In a growing political challenge to Kern’s biggest industry, public comments on an upcoming environmental study show California oil production continues to face broad public skepticism outside the county.
The specific regulatory matter at hand — hydraulic fracturing (“fracking”) on federal land — is not expected to have much impact locally. But the size of the opposition, combined with a demonstration planned for Santa Maria Thursday against a Bakersfield oil producer’s permit application, could foretell trouble as the industry faces regulatory challenges and a new administration in Sacramento.
The vast majority of public comments, often in form letters distributed by environmental groups, raised questions about groundwater, air quality and other impacts of the well completion technique. Fracking is common in Kern; it blasts water, sand and chemicals underground to free up petroleum.
For the purposes of the U.S. Bureau of Land Management study, most of those were set aside: Only 2.5 percent of all comments were judged to be unique and substantive. Even so, only a fifth of 1 percent were supportive of fracking, including statements by trade groups and oil companies.
“The BLM report proves what we already know – that residents and businesses throughout the central coast are overwhelmingly opposed to drilling and fracking our region’s iconic landscapes,” executive director Jeff Kuyper of the nonprofit Los Padres ForestWatch, wrote in a news release Monday.
NO EVIDENCE OF GROUNDWATER POLLUTION
Studies have blamed fracking for contaminating groundwater in other states. No instances of groundwater pollution have been identified in California, where the geography is unique and regulatory standards are among the highest in the world. Seismic disturbances sometimes associated with petroleum production, including rare instances in the Golden State, are thought to result not from fracking but oilfield injections of the salty wastewater that comes up from the ground with oil.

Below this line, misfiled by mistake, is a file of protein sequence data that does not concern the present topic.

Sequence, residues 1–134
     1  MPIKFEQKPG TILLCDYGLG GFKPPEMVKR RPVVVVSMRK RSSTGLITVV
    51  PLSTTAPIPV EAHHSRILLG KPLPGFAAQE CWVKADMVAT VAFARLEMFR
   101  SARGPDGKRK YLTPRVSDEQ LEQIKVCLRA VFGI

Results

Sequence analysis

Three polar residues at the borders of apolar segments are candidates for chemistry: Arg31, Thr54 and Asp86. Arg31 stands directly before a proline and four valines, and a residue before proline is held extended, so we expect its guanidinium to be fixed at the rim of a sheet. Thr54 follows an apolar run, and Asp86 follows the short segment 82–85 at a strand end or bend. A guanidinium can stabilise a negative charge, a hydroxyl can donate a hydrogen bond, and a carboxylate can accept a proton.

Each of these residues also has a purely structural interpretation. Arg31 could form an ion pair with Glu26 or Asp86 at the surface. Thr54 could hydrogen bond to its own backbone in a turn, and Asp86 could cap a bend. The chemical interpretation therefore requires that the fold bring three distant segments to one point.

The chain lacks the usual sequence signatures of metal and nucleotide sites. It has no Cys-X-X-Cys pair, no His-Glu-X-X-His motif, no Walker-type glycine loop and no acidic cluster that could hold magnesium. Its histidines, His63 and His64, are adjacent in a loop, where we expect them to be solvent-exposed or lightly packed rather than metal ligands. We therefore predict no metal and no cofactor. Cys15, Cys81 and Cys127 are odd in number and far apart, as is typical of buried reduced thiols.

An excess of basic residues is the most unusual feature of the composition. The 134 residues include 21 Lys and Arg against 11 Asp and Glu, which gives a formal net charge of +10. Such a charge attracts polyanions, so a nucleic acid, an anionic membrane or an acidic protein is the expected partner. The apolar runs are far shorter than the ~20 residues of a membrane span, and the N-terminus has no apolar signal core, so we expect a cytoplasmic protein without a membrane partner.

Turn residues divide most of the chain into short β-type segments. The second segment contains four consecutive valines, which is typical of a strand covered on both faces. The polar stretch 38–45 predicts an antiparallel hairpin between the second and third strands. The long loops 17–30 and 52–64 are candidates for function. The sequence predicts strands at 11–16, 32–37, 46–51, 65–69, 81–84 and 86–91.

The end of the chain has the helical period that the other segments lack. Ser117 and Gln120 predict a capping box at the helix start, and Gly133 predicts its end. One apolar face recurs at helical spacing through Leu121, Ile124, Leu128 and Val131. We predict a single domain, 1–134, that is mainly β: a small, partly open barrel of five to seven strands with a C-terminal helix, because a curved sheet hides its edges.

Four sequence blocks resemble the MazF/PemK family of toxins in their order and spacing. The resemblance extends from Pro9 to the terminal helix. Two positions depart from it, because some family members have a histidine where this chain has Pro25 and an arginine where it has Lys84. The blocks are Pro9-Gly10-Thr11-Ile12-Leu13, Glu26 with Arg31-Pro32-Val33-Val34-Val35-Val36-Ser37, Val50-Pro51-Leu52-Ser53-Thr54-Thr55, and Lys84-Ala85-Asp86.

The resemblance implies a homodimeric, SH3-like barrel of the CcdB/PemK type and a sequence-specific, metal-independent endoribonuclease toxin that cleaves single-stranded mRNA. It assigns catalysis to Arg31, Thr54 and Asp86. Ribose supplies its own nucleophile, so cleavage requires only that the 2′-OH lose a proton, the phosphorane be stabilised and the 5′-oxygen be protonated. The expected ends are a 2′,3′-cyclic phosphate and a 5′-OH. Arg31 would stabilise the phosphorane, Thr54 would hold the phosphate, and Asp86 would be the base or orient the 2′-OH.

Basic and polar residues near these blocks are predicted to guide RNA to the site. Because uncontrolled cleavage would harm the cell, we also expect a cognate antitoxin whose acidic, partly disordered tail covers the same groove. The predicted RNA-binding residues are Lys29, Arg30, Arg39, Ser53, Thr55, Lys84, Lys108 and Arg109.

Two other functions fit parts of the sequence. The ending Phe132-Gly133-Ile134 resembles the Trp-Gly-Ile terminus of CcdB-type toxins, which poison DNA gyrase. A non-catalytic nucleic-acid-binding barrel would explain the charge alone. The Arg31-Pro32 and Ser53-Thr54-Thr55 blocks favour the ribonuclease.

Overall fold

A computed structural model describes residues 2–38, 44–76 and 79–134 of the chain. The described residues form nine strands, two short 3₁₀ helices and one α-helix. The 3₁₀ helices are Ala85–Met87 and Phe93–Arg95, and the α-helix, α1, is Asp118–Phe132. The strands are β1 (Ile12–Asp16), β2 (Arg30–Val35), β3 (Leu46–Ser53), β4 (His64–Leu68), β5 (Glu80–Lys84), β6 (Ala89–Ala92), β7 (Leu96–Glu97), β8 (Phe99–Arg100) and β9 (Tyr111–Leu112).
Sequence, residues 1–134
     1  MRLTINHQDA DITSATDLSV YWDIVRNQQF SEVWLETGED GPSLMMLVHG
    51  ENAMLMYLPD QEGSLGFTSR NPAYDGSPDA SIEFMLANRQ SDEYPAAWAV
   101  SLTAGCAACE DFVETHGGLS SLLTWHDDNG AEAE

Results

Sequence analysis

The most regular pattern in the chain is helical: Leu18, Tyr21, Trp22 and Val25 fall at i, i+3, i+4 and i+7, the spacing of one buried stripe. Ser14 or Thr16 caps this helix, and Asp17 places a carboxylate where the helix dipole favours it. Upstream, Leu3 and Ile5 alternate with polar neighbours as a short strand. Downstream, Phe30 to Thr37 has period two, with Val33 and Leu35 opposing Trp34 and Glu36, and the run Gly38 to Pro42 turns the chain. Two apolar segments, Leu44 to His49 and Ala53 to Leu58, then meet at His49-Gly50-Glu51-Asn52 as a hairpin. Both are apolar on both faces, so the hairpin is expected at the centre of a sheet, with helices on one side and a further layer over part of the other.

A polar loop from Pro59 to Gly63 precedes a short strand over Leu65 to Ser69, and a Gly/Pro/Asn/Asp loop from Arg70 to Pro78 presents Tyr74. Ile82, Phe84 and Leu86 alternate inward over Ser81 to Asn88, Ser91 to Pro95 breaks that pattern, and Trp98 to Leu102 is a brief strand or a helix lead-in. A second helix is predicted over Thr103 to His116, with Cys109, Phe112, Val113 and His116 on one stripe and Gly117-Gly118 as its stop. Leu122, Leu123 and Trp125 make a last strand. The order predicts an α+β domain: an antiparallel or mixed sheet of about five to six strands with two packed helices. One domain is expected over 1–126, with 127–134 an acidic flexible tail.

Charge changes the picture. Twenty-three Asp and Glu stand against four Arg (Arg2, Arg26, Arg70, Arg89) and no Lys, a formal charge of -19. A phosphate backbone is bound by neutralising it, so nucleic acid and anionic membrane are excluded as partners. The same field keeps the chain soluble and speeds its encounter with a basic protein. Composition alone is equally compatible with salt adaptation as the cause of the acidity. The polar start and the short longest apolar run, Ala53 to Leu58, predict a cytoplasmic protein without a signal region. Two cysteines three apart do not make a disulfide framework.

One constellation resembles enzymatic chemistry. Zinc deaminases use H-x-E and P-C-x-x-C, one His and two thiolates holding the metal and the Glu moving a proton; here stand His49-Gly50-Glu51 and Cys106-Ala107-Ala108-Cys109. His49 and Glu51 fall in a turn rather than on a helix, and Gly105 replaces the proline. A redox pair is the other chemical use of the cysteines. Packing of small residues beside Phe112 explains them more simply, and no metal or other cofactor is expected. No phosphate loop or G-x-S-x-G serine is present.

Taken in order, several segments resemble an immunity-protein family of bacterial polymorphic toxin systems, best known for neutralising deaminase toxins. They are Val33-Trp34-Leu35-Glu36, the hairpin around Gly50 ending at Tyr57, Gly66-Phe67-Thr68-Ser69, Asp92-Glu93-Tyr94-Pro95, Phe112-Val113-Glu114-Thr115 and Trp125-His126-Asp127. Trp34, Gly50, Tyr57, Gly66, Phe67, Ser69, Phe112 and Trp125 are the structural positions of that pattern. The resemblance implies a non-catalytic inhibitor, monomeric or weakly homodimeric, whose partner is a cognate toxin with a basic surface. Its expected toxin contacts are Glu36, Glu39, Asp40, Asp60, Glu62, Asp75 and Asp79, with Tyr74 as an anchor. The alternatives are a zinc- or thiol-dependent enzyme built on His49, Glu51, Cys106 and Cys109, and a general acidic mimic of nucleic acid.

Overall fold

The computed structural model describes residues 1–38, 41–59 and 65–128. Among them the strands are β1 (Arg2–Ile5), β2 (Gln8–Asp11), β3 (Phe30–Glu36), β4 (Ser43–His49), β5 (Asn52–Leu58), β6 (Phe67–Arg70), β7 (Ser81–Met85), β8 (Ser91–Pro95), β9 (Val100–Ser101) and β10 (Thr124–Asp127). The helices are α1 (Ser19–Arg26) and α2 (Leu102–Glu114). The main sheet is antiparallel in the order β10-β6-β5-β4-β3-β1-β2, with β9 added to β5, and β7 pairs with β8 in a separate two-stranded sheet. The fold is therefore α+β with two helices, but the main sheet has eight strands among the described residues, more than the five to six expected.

The BLM is studying fracking after being sued in 2014 by environmentalist activist groups contending the agency leased land for use in petroleum production without considering how the oil well stimulation technique impacts water and air quality. A draft environmental report covering 1.2 million acres of federal land in California is expected to be released for public comment next month. A summary of the public comments can be found here.
Because it covers only BLM land, the study would not impact most local oil production. Less than half of 1 percent of California oil production takes place on federal property.
But with a variety of ongoing regulatory initiatives bringing extra scrutiny to oilfield injections in California, the comments suggest the industry could face a renewed regulatory push at the state level.
On another front, a variety of environmental groups has organized a rally at 5 p.m. Thursday at a Santa Barbara County Planning & Development agency hearing to oppose a permit application by Aera Energy LLC. The Bakersfield company seeks approval for 248 new oil wells in Cat Canyon 10 miles from Santa Maria.
The administration of new Gov. Gavin Newsom has not said much about the approach he intends to take with regard to oil regulation. Former Gov. Jerry Brown was seen as taking a moderate approach, which hurt his standing with environmentalists who otherwise praised his work cutting greenhouse gas emissions.
Coastal politicians have pushed aggressively for new limits on oil production in recent years. Those rules affect Kern, the state’s oil heavyweight, more than anywhere else in the state. Nudged by environmental activist groups, coastal legislators have succeeded in introducing new regulations on fracking. But they have failed at repeated attempts to halt or greatly curtail oil production.
The industry has become better in recent years at speaking up at public gatherings and putting out messages about the employment and independent energy benefits of oil production. Those efforts have been focused mostly locally, whereas regulatory actions with the largest impact are usually taken at the state level.
Tracy Leach, organizer for Kern Citizens for Energy, an industry-funded organization that has drawn pro-oil crowds to permitting hearings, said environmental activists are pouring substantial resources into campaigns opposing local energy and local jobs.
“While well-funded activists write letters, Kern County men and women, are hard at work producing the oil and gas we all depend on, ensuring that the jobs, the tax revenues and the considerable health and safety benefits stay right here in California - produced under the strictest environmental and human rights standards on the planet,” she said by email.
The trade group Western States Petroleum Association said in a statement it is not surprising interest groups organized a letter campaign as part of the scientific and regulatory review process. It said it looks forward to engaging in the public process.
“We support stakeholders and interest groups providing their point of view as we present ours. We believe to chart a truly sustainable energy future that all stakeholders must have a seat at the table,” WSPA President Catherine Reheis-Boyd stated.